Tag Archives: strategy

From Information to Meta Knowledge in China #theta2015

From Information to Meta Knowledge: Embracing the Digitally and Computable Open Knowledge Future (abstract)
Dr. Xiaolin Zhang, Director, National Science Library, Chinese Academy of Science

Background:
In China average distance of a user to a library is 1000km. Main body of students is graduate students. No broad variety of courses – taught what advisors know.
Chinese Academy of Sciences now taking lead in research and innovation, education etc – dividing institutes into four categories: centres for Excellence; for Innovation; for Big Science Facility; for Special [regional] Needs.

National Science Library coordinates institutional libraries. From beginning of digital library development taking an “e-first” approach to push resources to where researchers are. Federated searching, integrated browsing, ChinaCat, ILL, real-time digital reference. Most print subscriptions cancelled. Can’t subscribe to everything for everyone so organising consortia.

Subject librarians embedded in research institutes. Information analysts. Embedded info systems.

Challenge now:
Print-based communication is a mistake borne out of historical practicality. Knowledge is inherently multi-media. Only e-journals are real journals; only smart books are real books. Transition from subscription journals to open access journals.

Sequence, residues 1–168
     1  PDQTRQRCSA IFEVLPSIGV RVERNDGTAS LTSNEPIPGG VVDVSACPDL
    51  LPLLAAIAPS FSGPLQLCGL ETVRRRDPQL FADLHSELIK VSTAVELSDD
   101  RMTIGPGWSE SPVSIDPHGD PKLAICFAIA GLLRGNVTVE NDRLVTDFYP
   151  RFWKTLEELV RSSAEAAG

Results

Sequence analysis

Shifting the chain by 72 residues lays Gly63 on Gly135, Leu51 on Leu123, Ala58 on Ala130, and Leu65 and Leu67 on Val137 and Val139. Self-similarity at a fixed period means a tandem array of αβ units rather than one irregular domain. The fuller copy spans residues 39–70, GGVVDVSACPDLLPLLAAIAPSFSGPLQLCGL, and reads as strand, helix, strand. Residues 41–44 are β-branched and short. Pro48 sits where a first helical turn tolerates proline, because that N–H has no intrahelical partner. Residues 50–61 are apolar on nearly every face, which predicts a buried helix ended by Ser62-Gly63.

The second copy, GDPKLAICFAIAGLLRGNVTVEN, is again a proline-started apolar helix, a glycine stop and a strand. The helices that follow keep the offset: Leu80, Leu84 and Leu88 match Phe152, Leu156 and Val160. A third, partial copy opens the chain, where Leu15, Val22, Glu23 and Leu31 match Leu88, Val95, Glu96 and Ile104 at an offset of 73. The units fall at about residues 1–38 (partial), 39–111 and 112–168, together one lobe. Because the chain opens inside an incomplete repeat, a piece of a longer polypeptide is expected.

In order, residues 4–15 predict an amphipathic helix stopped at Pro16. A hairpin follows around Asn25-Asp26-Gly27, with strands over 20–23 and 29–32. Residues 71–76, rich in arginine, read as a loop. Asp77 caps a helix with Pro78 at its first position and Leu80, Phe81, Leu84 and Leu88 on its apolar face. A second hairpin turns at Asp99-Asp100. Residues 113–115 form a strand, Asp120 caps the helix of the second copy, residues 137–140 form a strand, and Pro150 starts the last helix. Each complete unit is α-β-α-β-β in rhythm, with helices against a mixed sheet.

Research more inter-disciplinary, collaborative, open. Means most researchers are ignorant of most of the stuff they’re working on! Great need for research informatics: have to quickly analyse unfamiliar field. Tech trends: the machine is the new reader.

What’s the place of the library? Embed in R&D processes: environmental scanning, idea and design testing, data management and analysis, etc. Analyse needs of researchers – not just those in lab (need help with search and retrieval) but also primary investigators (help with discovering, exploring, designing) and deans and directors (help with trend-detecting, road-mapping). Variation between kinds of institutes too. Have to work out who needs what.

So repurposing the library: informational productivity; R&D win by analytics; support open innovation. Huge focus on open accessUser-driven digital information systems – knowledge mapping services and research profiling services based on institutional repositories.

Building teams with domain knowledge – resources for data mining, networks of experts, embedded mechanisms. Hiring scientists more than library school graduates. (Library school recruits from undergrads so these students have no STEM background. Traininable over 5 years but need them to work in field now. Suggesting library school change structure to get needed experience in there.) Developing from a collection library to a creation library to a R&D knowledge service provider.

Digital Channel Strategy: onsite, offsite and online #ndf2012

Digital Channel Strategy: onsite, offsite and online